What is the “rumble stage” of a meltdown, and how can it be prevented?
I’m having trouble focusing right this minute.
I can hear four keyboards pounding and three computer mice clicking. Two people are on the phone, and two people are whispering. They must have gum or something, they’re making rattling sounds now. I’m having trouble focusing on my actual work because I can hear everything. I get bursts where I get flustered by all the sounds, and that makes my neck shake, and my muscles rush. That’s when my ears turn off. I use that burst of energy to type faster and think quicker until it ends or my ears turn back on. At this point, I can hear the sound, but I can’t process language very well. Words come in in the wrong order, and that messes with my understanding of the conversation. My headphones were charging, but they’re done now, so I’m going to put them in. This will help.
My mind is a fire hydrant. You can’t just flip the switch, or you’ll get a powerful, uncontrollable burst. You can only ease into it. There are processes and procedures involved with sensory overload. Oh, I love this song.
My eyes don’t turn off like my ears do. Everything gets visually more intense, and I get overwhelmed by the brightness and color. I experience a natural intensity with color, as in every shade of green (and grey and yellow) on a leaf, so light becomes a factor with my vision. I get a headache from everything my eyes try to process. It’s very bright in here, and there’s a glare on everything. I have my blue-tinted sunglasses on, but it only helps so much.
I can see every color, hear every sound, feel the air pressure around me, the temperature. When I go without dulling aides, I feel like I’m getting to experience the world in the beauty I was meant to, with sweet bird coos and beautiful sights in all sizes. But like with Cinderella, the party does end at some point. I turn into Meltdown Monster if I don’t pay attention to my sensory limits. Headphones, sunglasses, and Ibuprofen restore my normality.
The air is cold on my skin right now, but my insides are warm. My skin is susceptible to temperature, so I get cold very quickly. I get hot when I get anxious or flustered, though, so I enjoy the flexibility that the everyday cardigan provides. Right now, rolling up my sleeves should cool down my stomach.
The fluctuation and intensity of my senses make it difficult to focus on the task at hand. I find myself almost always distracted by my environment, sometimes painfully. Unfortunately, increasing my focus medication dosage throws my senses into overdrive and go haywire with the extra input, making meltdowns more volatile. My spirit becomes fire, and after the flame has died down, regret seeps into me. I don’t like to be out of control, so I’ve learned that controlling the effect my environment has on my senses helps keep my embers from becoming a fiery flame. My brain doesn’t have that extra input to the process, and the excess energy can be channeled.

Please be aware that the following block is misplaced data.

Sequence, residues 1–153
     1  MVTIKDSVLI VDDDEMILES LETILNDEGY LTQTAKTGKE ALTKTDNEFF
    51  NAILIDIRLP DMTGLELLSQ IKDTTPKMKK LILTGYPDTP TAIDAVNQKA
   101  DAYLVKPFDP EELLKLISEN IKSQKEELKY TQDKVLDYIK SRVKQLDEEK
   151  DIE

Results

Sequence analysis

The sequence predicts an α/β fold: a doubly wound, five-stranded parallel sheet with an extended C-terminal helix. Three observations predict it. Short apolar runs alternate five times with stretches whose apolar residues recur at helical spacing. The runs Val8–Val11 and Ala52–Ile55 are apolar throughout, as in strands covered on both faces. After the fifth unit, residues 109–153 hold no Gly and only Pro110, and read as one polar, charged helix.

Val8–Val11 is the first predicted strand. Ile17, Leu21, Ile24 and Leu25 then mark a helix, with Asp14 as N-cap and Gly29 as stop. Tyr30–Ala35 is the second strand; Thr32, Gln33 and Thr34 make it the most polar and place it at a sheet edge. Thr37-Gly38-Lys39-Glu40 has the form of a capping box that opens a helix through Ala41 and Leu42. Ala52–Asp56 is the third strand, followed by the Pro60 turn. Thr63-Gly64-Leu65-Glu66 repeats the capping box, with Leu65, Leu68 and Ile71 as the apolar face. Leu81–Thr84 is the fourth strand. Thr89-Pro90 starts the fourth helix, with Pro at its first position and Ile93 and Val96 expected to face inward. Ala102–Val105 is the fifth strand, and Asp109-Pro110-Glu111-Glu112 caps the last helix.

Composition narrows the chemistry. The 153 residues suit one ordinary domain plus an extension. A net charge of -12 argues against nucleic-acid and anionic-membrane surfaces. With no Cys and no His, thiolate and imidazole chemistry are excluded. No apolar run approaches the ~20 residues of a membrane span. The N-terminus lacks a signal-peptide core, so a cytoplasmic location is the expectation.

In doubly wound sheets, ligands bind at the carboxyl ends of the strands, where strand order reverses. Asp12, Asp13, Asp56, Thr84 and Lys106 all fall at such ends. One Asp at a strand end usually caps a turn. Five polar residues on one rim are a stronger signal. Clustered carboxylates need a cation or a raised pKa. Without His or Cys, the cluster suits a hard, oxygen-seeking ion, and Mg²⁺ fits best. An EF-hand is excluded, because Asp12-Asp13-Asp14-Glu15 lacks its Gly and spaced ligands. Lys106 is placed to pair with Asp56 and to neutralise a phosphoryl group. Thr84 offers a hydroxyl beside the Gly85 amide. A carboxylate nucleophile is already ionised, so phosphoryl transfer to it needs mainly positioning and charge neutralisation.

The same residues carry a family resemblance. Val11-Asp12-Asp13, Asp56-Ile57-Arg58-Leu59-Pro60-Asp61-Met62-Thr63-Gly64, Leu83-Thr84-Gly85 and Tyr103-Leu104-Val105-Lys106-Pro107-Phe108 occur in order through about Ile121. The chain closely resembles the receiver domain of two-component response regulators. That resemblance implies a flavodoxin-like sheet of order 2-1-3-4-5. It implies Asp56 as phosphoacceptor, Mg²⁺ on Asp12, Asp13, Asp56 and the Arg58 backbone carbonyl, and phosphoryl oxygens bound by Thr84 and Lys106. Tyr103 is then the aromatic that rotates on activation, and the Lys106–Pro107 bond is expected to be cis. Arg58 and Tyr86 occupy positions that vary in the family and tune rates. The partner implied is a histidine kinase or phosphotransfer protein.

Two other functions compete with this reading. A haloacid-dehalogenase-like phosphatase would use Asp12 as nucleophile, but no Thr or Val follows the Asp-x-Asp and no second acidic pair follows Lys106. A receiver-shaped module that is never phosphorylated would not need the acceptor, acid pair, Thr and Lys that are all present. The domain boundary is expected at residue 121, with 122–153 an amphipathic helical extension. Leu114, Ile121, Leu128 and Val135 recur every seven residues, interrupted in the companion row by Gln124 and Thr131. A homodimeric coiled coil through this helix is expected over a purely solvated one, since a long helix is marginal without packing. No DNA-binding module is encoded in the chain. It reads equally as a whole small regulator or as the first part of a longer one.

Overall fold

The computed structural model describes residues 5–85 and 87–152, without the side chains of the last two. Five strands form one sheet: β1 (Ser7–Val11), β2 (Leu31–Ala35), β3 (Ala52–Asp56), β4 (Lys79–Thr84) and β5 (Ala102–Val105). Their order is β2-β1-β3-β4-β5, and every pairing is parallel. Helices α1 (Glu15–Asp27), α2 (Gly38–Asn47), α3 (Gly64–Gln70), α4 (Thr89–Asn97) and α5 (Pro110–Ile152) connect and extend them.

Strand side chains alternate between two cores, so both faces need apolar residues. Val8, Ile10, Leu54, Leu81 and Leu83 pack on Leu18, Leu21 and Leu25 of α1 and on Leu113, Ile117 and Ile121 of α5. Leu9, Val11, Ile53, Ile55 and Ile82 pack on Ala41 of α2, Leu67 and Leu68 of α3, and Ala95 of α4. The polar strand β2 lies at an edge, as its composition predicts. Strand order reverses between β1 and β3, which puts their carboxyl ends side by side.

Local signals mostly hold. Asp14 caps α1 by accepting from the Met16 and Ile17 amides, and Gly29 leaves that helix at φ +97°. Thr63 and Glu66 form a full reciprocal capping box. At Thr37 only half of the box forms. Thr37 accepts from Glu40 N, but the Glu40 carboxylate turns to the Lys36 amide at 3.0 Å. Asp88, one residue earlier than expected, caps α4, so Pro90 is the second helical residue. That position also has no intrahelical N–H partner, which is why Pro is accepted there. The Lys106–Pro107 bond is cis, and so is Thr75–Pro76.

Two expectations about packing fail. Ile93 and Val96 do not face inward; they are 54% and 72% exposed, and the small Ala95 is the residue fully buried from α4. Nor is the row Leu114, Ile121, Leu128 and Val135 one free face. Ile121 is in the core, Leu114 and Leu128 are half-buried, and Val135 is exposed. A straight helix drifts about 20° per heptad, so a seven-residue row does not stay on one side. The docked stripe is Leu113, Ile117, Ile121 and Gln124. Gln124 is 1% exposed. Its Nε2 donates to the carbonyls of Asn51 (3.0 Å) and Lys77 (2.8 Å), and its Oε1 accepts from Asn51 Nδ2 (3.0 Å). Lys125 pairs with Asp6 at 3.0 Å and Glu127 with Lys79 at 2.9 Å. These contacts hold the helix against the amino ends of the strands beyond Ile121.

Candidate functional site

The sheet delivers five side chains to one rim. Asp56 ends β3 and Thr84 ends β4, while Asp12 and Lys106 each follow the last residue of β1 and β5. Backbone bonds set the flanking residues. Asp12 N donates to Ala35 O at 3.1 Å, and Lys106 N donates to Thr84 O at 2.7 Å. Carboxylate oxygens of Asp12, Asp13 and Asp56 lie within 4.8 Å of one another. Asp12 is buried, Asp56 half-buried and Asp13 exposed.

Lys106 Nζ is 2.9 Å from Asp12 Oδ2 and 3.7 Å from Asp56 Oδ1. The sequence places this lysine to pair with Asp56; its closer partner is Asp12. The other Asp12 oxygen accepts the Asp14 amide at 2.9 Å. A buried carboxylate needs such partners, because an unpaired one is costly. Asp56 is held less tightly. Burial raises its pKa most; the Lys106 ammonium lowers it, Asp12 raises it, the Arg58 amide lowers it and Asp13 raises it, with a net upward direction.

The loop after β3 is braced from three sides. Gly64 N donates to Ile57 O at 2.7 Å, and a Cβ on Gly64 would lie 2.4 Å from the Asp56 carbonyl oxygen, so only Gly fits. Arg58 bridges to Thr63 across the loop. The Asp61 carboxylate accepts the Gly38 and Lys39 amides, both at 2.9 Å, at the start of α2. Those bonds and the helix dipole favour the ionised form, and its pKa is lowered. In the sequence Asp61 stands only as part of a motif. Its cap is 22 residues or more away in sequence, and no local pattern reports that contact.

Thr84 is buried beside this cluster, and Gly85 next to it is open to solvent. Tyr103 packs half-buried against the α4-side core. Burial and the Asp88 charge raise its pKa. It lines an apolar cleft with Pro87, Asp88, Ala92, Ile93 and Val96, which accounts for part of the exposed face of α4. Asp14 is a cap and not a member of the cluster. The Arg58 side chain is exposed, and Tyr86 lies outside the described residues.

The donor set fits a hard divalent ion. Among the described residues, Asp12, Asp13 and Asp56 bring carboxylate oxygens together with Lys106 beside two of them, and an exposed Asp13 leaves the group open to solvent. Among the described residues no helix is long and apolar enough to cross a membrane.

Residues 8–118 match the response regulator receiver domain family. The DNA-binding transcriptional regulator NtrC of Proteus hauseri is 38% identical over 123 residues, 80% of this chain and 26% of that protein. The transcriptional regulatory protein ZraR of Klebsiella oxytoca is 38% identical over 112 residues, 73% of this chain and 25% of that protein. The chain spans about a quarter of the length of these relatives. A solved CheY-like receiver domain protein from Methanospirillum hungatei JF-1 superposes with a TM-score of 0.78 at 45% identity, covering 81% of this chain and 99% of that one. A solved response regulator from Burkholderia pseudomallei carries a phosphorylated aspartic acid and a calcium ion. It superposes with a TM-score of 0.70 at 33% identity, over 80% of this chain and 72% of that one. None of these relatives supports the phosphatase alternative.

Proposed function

Right now, I have my headphones on, my sunglasses on, and my cardigan with the sleeves rolled up. I’m starting to feel peace, and focusing on the music helps centers me and gives me something to work around in my mind. I can feel my monster being soothed back to sleep by the sweet sounds of Journey’s talent.
I have a sensory fidget that I play with to distract me from the surges in my neck, and clicking the switch feels nice. I have space/galaxy looking one. Turning the joystick part reminds me of the controls on the imaginary spaceship that was the bottom bunk of my bunk bed. I put stickers on different parts of the headboard and turned the bars, and I would pretend I was having fantastic space adventures.
Ok, I’m starting to be able to concentrate. At the very least, I’ve been able to build a steady stream of thought that I can channel into working. This feels like a win. It’s so late in the day, and my medication is wearing off, so generally, I’m more prone to environmental stresses, but the combination I choose to calm myself down today worked.
Click here to read more about how I learned to accept myself with autism.
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